Again, the Chishti tradition began to flourish in North India during the later 15th and early 16th centuries. We can trace three different branches of the Chishti order i.e. Nagauriya (after the name of Shaikh Hamiduddin Nagauri), Sabiriya (after the name of Shaikh Alauddin Kaliyari), and Nizamiya (after the name of Shaikh Nizamuddin Auliya). Shaikh Abdul Quddus Gangohi (d.1537) was a mystic of the Sabiria order at Gangoh in the Saharanpur district of Utter Pradesh. He was a practitioner of the doctrine of the “Unity of Being” (Wahadat-ul Wajood means One god for the entire universe). He wrote books on Sufi thought and practices. Nizamiya was founded by Makhdum Alauddin Ali Sabri who isolated himself from the world and lived the life of an ascetic. Other important Chishti centers in Northern India were Jaunpur (the capital of the Sharqi Sultans), Rudauli near Lucknow, Bahraich (in modem Uttar Pradesh).
Shaikh Salim Chisti (1478-1572) during Akbar’s period the Chishti order again became so popular. Akhbar had great respect for him. He lived like an ordinary householder in his cave-dwelling at Fatehpur Sikri for a long time when Akhbar didn’t decide to build his capital there. Akhbar named his first son Salim (born at the hermitage of Shaikh) (later emperor Jahangir) in honor of Shaikh Salim Chisti. Akhbar was also called Jahangir, Sheikhu baba when he was an infant. During the lifetime of Akhbar, Salim Chisti died. He has buried him in the courtyard o Jama Masjid of Fatehpur Sikri. Akhbar ordered to construct a mausoleum over his grave. This mausoleum became famous as a pilgrimage site for Hindus as well as Muslims and also attracts millions of visitors from all over the world.
Also, the Chisti tradition began to grow in Malwa and Bengal. In the second phase, most of the Chisti saints had followers from all sections of the society but they received state patronage.
Causes of Chishti Silsilah’s Popularity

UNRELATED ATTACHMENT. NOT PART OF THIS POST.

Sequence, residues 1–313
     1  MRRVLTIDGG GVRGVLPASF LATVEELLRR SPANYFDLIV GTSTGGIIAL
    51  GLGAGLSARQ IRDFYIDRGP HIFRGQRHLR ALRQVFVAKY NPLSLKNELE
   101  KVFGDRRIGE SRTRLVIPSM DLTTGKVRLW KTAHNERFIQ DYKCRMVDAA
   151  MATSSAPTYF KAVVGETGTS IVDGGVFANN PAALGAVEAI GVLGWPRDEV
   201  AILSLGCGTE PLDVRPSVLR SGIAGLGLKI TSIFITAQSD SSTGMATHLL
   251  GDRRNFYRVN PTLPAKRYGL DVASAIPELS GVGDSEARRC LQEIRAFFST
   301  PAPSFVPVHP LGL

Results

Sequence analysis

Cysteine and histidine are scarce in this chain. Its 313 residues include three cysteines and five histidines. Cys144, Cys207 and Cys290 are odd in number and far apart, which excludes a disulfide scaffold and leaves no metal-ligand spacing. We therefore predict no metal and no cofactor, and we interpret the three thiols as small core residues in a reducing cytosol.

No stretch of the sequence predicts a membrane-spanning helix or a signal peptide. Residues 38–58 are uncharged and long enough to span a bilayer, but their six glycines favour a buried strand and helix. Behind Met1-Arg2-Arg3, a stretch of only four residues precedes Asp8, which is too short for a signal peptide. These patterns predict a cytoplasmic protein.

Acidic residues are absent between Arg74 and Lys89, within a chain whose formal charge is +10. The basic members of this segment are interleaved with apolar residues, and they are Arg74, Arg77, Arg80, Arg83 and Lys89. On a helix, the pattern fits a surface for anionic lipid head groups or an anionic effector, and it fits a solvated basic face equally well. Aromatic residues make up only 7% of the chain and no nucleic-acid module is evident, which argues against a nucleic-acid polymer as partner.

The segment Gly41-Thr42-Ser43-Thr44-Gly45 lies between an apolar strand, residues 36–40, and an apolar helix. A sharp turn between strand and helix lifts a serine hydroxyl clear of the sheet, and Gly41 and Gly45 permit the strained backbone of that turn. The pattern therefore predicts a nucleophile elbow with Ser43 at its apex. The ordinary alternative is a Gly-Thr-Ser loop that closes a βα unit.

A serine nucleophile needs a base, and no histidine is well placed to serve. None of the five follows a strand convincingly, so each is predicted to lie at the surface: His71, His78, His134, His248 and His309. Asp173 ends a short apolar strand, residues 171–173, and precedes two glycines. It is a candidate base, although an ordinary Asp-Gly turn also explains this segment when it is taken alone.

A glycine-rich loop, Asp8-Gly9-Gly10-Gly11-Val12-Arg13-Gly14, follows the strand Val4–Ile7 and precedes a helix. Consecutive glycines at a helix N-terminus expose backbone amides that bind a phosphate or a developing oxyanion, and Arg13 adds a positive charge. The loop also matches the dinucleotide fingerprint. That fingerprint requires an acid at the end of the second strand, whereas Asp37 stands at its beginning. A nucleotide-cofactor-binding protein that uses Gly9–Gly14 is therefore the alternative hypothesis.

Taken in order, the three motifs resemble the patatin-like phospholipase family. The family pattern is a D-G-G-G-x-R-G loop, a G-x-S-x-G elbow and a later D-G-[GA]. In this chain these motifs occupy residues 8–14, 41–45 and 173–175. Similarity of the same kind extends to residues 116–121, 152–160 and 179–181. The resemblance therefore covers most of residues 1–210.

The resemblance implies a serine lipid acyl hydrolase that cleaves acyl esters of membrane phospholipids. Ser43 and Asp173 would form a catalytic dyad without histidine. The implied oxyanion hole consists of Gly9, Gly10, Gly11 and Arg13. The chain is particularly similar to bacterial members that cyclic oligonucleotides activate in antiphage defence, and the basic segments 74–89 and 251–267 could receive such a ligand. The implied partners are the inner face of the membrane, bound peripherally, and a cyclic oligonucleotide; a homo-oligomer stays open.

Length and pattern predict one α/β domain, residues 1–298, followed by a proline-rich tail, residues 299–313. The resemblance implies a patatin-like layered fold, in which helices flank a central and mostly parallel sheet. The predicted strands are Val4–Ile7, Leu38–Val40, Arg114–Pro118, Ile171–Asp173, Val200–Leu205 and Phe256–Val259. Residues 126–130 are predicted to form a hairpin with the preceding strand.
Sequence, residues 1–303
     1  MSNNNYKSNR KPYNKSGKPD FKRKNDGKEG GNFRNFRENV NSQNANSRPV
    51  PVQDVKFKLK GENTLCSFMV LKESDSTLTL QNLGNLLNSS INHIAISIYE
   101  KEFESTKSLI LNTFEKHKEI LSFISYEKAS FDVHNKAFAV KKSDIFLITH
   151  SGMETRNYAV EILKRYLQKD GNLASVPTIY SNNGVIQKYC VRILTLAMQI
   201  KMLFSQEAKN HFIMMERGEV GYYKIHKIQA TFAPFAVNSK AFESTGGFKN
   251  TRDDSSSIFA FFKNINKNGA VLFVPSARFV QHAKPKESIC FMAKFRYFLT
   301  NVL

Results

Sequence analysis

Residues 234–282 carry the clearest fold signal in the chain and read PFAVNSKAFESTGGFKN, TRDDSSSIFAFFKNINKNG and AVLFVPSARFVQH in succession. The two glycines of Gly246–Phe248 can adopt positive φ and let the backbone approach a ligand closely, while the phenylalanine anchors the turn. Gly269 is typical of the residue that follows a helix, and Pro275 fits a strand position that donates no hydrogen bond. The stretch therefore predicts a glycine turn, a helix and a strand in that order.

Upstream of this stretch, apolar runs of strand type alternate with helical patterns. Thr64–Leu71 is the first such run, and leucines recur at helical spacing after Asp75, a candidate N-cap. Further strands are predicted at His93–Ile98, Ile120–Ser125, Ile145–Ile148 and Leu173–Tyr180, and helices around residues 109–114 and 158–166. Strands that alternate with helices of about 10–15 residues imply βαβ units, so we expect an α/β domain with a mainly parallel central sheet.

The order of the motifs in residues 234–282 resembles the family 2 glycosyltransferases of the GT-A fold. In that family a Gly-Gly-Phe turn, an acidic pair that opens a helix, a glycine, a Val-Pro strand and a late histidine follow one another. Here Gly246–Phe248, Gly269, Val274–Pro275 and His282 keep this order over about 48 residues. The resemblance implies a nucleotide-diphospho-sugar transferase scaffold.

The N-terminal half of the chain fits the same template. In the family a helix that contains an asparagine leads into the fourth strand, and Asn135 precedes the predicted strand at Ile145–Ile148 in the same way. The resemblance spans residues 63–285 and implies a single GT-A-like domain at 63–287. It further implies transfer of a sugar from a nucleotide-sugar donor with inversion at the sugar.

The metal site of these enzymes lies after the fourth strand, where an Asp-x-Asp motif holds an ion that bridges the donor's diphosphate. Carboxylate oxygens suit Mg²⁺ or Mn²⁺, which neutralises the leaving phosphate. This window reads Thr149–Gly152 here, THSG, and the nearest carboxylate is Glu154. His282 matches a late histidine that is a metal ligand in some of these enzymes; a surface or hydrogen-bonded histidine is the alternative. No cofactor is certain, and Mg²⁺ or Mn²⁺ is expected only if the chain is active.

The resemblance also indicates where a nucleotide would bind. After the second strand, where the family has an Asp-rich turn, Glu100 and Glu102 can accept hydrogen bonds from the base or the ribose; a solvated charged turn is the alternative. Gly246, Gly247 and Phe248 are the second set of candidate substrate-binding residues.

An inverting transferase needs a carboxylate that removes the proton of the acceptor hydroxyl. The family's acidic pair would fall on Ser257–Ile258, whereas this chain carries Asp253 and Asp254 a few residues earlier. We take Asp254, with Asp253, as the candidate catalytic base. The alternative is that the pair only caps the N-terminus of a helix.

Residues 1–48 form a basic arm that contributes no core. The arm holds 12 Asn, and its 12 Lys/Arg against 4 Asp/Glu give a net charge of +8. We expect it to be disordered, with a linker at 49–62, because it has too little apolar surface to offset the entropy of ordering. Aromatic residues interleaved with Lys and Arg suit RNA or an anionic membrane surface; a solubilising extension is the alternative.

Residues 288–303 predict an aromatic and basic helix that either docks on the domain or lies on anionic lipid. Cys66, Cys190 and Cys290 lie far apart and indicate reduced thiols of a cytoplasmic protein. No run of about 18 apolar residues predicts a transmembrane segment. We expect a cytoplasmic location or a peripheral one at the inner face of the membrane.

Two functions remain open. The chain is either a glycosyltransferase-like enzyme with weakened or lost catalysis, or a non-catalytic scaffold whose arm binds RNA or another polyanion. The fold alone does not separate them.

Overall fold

There are many reasons behind the popularity of Chishti Silsilah in India. The Chishti saints strongly emphasized leading a simple life, poverty, humility, renunciation from the world, humanity, and selfless devotion to god. However later on they carried their principle of poverty to an extreme level. For they started living in mud houses instead of pucca houses and starved themselves for many days. The Chishti saints believed that control over the senses was necessary to lead a spiritual life. So, they adopted ascetic practices like fasting, holding of breath, etc. The Chistis advocated renunciation of the world which implied renouncing wealth, government service, and association with women. However, this did not imply complete withdrawal from society. In fact, Muinuddin Chisti believed that the highest form of devotion to god was to redress the miseries of those in distress, full-field needs of the helpless, and to feed the men. Nizamuddin Auliya gave importance more to altruistic service rather than obligatory prayer. The Chishtis did not completely disapprove of marriage as long as it did not become a barrier in the way of spiritual life. In fact, other than Nizamuddin Auliya, all the leading Chisti Saints were married. The Chishtis divided people into four types as, firstly, the mystics who preached to others, secondly, their disciple, thirdly, the rulers and scholars, and fourthly, the common people who The Chistis assorted the earning of livelihood through an honest profession, and agriculture and business were accepted. But they were not in a support of the accumulation of money beyond their daily needs. They supported fair dealing in business and also supported the concept of family as long as it did not become a barrier in the way of spiritual life. They emphasized the value of forbearance, not causing hurts to others, avoiding anger and violence, tolerance, a policy of love. Unlike their orthodox counterparts i.e. the ulemas, the Chishtis never discriminated among people based on wealth, family, caste, creed, religion, and status. Auliya’s Jamat Khana welcomed everybody irrespective of their religion and financial status for sympathy, support, and advice. Most of the Chishti saints belonged to the liberal school of thought. They were able to acquire popularity in India was due to their understanding of the Indian conditions and the religious point of view and the Indian people. They adopted many Hindu customs and ceremonies. As an example of this, Hamiduddin Nagauri ( Muinuddin Chisti’s disciple) was concerned about the Hindu sentiments, so, he became a vegetarian and also suggested his disciple leave meat-eating. However, the Chishtis freely associated with the Hindu and Jain yogis and were very impressed by their yogic exercises. Also, they discussed various matters. Chishti Khanqahs attracted people from lower sections of Indian society because of the presence of an egalitarian atmosphere. They didn’t believe in caste distinctions like the Brahmanical order. They had sympathy towards the deprived sections of society. Also, the Miracle stories about the early Chishtis which were preached by Sufi saints played an important role in increasing the popularity of the Chishti dargah and the posthumous popularity of the Sufis themselves. This tolerant attitude made the Chistis popular in the non-muslim Gangetic Valley.